Former Naderite Alan Morrison said today that when he speaks before the conservative Federalist Society, he usually comes away invigorated by a good fight he's gotten into. So he was disappointed to report that he agreed with a lot of what he was hearing at a panel discussion on the state of federal pre-emption doctrine. Like other speakers, Morrison, now associate dean at George Washington University Law School, described pre-emption as "a mess."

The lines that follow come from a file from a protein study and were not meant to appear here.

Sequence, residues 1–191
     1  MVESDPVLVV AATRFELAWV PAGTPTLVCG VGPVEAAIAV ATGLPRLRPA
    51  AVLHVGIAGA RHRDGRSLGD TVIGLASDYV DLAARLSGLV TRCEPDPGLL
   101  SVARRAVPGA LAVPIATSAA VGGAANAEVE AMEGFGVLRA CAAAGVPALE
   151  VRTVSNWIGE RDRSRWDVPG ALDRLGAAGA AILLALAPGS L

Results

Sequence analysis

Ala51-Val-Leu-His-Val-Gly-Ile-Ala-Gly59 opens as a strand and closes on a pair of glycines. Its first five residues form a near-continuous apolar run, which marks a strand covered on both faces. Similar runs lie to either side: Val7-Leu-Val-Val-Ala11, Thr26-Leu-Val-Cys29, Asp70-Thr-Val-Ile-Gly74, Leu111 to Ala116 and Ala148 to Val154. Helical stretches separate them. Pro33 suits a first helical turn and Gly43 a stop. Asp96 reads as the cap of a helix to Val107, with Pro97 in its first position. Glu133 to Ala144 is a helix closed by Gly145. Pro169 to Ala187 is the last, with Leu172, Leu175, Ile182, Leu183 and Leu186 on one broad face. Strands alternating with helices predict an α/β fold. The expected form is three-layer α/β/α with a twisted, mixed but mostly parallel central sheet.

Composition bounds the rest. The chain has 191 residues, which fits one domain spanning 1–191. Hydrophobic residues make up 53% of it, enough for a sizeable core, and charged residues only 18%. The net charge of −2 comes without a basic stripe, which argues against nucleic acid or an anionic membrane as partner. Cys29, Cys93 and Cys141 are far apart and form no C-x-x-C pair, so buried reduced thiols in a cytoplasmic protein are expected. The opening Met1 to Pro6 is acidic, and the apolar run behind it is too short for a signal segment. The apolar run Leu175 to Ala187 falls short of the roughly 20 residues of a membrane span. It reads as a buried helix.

Businesses have generally embraced federal pre-emption -- which gives federal agencies the upper hand over state regulation -- because means can defend lawsuits in one federal forum, rather than 50 unruly state systems. The conservative Supreme Court, caught in crosscurrents like federalism, has sometimes but not consistently gone along with pre-emption. Last term it handed a big pre-emption defeat to business when it ruled 6-3 in Wyeth v. Levine that state litigation over drug labeling is not pre-empted by federal law.